You can find and buy virtually anything online these days. The Internet has made shopping easy for millions of consumers who forgo brick and mortar and chose cyberspace for shopping.
One thing that isn't available online, or by phone for direct shipment out of state is wine. Now the Supreme Court will decide if wine companies should be allowed to sell and ship their products directly to consumers.
It's what Messina Hof owner Paul Bonarrigo hopes will happen.
"Almost all Texas wines, 95 percent, sell within the state of Texas, so by being allowed to ship out of state would increase the reputation of Texas wines," said Bonarrigo.
It's against the law in 24 states, including Texas, for wineries to ship directly to consumers. Bonariggo says he receives about 50 calls a week from out of state customers wanting to purchase his wine, but most of the time he can't ship it, causing a potential loss of thousands of dollars in sales.
Local liquor store owner J.J. Ruffino doesn't mind the limitations placed on Texas wineries. He stands to lose money if consumers choose to shop online, or contact the winery directly, rather than spend their dollars in his business.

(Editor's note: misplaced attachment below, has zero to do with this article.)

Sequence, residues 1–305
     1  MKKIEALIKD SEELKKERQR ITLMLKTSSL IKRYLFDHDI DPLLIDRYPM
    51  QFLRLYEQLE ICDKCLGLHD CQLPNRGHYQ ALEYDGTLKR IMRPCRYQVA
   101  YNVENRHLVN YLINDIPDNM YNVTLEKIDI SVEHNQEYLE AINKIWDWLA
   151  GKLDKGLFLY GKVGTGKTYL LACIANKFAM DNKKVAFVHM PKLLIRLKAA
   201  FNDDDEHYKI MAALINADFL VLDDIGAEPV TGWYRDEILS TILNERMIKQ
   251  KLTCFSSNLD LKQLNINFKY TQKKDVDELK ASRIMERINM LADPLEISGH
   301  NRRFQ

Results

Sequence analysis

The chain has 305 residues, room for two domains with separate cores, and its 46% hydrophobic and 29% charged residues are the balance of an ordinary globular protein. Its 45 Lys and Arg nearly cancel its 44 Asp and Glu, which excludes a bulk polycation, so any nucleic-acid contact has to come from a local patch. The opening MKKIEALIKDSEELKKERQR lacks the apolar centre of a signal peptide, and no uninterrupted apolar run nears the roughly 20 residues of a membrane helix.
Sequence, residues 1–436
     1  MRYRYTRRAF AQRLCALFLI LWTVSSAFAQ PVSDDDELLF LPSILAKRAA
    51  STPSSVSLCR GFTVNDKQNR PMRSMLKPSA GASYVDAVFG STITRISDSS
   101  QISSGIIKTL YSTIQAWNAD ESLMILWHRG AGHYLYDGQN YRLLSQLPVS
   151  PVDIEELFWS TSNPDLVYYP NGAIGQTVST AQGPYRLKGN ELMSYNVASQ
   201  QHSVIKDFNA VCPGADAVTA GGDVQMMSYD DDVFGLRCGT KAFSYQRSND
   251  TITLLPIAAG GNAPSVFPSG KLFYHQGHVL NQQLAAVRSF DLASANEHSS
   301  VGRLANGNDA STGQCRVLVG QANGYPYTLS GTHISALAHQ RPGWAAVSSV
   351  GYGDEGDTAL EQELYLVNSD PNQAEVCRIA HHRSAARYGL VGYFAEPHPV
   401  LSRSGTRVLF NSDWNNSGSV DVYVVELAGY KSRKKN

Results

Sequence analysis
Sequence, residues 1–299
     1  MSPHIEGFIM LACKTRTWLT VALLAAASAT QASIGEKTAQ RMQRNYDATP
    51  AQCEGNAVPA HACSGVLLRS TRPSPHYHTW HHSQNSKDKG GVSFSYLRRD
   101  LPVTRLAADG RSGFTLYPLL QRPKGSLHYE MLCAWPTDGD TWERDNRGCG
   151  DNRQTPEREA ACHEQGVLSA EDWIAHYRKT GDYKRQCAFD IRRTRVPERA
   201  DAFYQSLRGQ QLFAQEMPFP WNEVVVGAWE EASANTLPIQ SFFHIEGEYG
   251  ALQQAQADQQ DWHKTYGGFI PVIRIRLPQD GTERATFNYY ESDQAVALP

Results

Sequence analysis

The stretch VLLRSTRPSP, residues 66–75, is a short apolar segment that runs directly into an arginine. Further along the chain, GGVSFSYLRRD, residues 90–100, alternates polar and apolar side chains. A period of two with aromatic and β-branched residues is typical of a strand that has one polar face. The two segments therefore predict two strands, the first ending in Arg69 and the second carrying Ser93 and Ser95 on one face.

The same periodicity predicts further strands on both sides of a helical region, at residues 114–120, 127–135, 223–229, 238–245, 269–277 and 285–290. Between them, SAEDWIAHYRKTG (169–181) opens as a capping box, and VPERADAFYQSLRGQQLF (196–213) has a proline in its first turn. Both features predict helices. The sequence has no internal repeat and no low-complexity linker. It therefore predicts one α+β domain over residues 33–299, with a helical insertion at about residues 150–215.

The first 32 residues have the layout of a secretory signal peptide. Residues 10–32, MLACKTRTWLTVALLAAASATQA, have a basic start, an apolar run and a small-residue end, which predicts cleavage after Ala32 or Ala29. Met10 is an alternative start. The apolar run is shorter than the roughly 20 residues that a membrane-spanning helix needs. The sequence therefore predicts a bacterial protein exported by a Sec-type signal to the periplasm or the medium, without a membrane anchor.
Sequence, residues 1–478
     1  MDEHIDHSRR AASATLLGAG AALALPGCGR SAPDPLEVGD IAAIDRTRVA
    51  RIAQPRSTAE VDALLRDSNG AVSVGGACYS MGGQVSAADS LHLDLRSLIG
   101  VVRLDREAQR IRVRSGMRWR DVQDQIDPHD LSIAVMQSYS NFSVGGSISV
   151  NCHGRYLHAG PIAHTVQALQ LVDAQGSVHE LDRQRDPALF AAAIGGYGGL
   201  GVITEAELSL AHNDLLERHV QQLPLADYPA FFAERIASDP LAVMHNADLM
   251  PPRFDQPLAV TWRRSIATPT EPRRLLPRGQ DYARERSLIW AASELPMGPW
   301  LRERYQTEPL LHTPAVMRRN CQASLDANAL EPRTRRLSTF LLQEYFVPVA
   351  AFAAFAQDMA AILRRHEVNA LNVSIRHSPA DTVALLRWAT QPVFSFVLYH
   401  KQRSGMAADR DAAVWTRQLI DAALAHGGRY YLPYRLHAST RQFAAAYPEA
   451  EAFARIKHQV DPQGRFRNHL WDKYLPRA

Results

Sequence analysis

"There's the issue of collecting sales tax in the state of Texas and whether or not that product can end up in the hands of someone that was not of legal age," said Ruffino.
The Supreme Court will hear arguments over the commerce claus, which ensures the free flow of business among the states. But the 21st Amendment gives power to the states over the sale, importation, and distributions of alcoholic beverages.
Many people believe buying direct can save money, but sometimes shipping costs can eat away at the savings. But small winery owners like Paul Bonarrigo are hoping for more uniformed shipping laws in all 50 states.
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